Posted 2nd Apr
Have you noticed a steady increase in the use of external suppliers and other third parties in your organisation? If you have, it might have made you think about how well these suppliers and supply chains are understood and managed. If not, then it’s highly likely the Covid-19 outbreak has brought the importance of this sharply into focus.
Third Party Management (or TPM) is the overall management of the risk, service, contract and relationship with a third party. Even in pre-Covid-19 times, some or all aspects of TPM were already highly important for many sectors. Those in regulated business areas, such as financial services or medical devices for example, will be all too familiar with the steady increase in regulatory scrutiny and requirement for supply chain transparency that’s developed alongside the growth in the dependence on third parties for ever more critical operations and functions.
However, in many organisations there has been a feeling that the importance of TPM has not been fully recognised. TPM practitioners often use real-life examples of ‘things that can go wrong’ to help explain to business stakeholders the importance of robust, professional and proportional TPM. These have typically involved unforeseen supply disruption, cyber-attacks, data breaches/loss, natural disasters, financial crime failures and regulatory fines; all negatively impacting end-customer service and reputation. However, a global pandemic, whose real reach and impact has still not fully played out, will almost certainly make firms and regulators adjust their approach to risk management and require controls to better protect supply chains in the future.
The reality is that many firms are really just waking up to the importance of effective and proportional TPM. Bain & Co estimate that around 60% of executives have no knowledge of their supply chain beyond the tier one group. With the pandemic already impacting all supply chains in some form or other, many organisations could be in for a shock in the coming weeks and months when the global ramifications of supply disruption hit home.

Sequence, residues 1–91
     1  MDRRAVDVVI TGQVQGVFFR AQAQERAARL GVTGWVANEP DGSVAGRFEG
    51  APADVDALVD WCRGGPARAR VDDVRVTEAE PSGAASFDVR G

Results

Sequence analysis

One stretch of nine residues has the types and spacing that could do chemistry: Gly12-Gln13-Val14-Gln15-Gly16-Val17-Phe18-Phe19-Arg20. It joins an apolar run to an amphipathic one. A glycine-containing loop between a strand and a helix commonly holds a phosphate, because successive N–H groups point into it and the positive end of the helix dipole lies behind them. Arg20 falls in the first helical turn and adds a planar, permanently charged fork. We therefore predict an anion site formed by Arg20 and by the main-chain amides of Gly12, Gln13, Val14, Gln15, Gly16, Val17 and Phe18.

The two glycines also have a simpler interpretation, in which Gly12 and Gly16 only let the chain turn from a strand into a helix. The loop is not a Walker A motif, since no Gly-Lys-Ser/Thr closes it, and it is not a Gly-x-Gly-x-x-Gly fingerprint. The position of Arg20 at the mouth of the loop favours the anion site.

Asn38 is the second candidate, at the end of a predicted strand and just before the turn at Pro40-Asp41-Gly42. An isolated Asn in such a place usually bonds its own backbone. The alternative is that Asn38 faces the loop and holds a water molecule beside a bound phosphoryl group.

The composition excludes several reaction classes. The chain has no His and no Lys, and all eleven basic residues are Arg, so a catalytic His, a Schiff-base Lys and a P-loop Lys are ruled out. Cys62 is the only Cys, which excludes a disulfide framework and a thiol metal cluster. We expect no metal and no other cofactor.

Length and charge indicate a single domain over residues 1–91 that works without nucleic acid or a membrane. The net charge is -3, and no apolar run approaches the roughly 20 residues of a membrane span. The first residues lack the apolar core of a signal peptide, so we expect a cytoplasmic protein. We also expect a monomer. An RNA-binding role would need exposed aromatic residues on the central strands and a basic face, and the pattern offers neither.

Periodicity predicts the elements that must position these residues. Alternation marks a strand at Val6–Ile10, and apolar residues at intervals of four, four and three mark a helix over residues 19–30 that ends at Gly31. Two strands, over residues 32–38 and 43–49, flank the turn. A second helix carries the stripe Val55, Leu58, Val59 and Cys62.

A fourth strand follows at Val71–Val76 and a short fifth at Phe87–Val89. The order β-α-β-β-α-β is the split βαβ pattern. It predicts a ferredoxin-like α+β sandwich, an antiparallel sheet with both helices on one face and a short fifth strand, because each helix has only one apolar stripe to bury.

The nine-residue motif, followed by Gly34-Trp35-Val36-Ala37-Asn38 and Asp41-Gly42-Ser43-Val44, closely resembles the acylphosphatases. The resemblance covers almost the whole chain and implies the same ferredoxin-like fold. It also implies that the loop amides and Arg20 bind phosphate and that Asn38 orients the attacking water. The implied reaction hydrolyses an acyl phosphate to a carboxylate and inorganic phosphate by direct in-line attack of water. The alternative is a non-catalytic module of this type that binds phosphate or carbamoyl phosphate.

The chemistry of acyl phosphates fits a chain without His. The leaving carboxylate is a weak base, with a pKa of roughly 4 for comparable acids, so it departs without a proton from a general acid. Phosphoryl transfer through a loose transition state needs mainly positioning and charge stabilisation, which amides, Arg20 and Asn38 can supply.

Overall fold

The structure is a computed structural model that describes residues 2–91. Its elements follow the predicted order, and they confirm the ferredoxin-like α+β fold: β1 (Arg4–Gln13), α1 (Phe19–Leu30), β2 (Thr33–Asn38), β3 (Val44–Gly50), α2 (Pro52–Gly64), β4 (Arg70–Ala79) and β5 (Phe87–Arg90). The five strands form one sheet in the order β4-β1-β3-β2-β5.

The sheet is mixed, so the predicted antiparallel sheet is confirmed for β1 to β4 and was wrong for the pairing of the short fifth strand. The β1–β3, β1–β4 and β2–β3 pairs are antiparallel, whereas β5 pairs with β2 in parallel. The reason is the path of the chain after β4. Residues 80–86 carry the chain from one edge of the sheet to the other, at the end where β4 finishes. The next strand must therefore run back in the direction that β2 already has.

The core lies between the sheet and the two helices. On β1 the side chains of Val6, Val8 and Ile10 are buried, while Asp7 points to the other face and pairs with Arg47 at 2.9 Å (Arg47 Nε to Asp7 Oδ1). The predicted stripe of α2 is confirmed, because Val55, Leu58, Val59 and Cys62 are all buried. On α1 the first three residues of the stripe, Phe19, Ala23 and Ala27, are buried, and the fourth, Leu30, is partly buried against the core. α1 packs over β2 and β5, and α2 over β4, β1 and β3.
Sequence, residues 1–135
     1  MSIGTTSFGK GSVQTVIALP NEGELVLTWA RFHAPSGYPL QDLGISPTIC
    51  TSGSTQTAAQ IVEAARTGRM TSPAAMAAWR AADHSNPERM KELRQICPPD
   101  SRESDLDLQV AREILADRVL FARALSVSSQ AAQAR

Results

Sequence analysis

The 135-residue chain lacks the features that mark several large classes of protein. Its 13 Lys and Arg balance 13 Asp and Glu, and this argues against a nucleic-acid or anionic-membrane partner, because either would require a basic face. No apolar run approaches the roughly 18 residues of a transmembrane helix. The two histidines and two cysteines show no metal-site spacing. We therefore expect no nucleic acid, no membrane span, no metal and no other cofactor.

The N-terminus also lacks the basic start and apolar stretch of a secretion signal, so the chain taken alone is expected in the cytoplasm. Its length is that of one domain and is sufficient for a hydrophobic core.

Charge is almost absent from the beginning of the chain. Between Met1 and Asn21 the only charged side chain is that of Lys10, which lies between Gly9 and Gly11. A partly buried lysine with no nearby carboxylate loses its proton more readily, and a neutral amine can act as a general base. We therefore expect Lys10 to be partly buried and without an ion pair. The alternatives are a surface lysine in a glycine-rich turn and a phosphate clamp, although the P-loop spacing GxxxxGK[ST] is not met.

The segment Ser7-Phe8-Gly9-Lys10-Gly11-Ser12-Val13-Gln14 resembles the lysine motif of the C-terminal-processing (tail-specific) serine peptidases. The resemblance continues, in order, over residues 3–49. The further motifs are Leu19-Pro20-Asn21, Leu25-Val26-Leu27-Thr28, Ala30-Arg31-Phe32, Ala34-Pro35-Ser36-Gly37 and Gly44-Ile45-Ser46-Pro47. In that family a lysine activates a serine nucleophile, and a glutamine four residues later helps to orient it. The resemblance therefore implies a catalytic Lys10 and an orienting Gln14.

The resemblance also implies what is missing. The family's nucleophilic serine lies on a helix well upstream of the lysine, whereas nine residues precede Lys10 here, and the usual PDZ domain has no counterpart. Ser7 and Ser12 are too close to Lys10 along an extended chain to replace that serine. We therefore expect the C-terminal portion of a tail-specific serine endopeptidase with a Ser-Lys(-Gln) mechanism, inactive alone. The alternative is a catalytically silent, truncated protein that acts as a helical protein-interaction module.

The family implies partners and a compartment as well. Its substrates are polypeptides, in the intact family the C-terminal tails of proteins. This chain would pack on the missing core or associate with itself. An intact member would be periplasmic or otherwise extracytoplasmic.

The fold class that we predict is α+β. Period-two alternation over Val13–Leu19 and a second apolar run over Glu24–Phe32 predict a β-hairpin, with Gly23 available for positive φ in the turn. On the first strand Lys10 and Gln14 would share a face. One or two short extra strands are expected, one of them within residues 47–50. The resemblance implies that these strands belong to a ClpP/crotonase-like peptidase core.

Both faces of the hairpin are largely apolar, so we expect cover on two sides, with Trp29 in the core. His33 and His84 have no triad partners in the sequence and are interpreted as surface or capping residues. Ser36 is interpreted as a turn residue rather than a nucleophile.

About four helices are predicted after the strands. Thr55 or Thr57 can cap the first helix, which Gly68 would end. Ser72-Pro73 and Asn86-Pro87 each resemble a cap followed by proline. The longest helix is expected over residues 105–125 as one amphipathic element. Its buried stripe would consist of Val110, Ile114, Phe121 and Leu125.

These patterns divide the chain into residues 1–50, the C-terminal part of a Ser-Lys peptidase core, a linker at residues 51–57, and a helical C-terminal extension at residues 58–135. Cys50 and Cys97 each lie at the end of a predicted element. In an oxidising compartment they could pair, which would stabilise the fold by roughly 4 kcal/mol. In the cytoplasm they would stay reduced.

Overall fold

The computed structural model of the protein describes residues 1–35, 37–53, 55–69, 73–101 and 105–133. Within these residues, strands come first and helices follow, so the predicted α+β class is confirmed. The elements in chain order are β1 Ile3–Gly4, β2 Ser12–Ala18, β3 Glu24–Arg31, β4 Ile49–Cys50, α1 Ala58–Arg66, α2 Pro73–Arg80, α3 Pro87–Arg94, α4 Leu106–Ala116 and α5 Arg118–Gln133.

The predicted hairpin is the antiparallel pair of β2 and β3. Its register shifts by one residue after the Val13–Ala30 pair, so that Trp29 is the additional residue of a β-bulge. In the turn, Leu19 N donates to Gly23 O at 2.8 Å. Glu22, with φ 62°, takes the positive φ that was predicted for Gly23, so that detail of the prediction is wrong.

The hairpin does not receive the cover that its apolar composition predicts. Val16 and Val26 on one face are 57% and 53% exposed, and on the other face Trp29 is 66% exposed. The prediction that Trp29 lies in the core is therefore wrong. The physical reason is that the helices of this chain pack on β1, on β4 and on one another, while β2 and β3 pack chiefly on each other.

So, what would you ideally need in place to stand the best chance of being more resilient?
At a foundation level, we already know the importance of:
· Robust policy, governance, systems and controls: including clear roles and responsibilities so everyone understands their end-to-end role in TPM.
· Risk assessment: identifying and assessing all relevant risks pre-contract
· Due diligence and contracting: making sure appropriate pre-contract due diligence is performed and that contracts reflect relevant risks, controls, and protections.
· Segmentation: classifying your supply base to understand which engagements carry the highest risks and criticality and subsequently require the highest levels of ongoing management and oversight.
· Service, risk and performance management: the ongoing post-contract management of risk, controls and day-to-day management of the service itself.
But what else is this pandemic showing us might be important?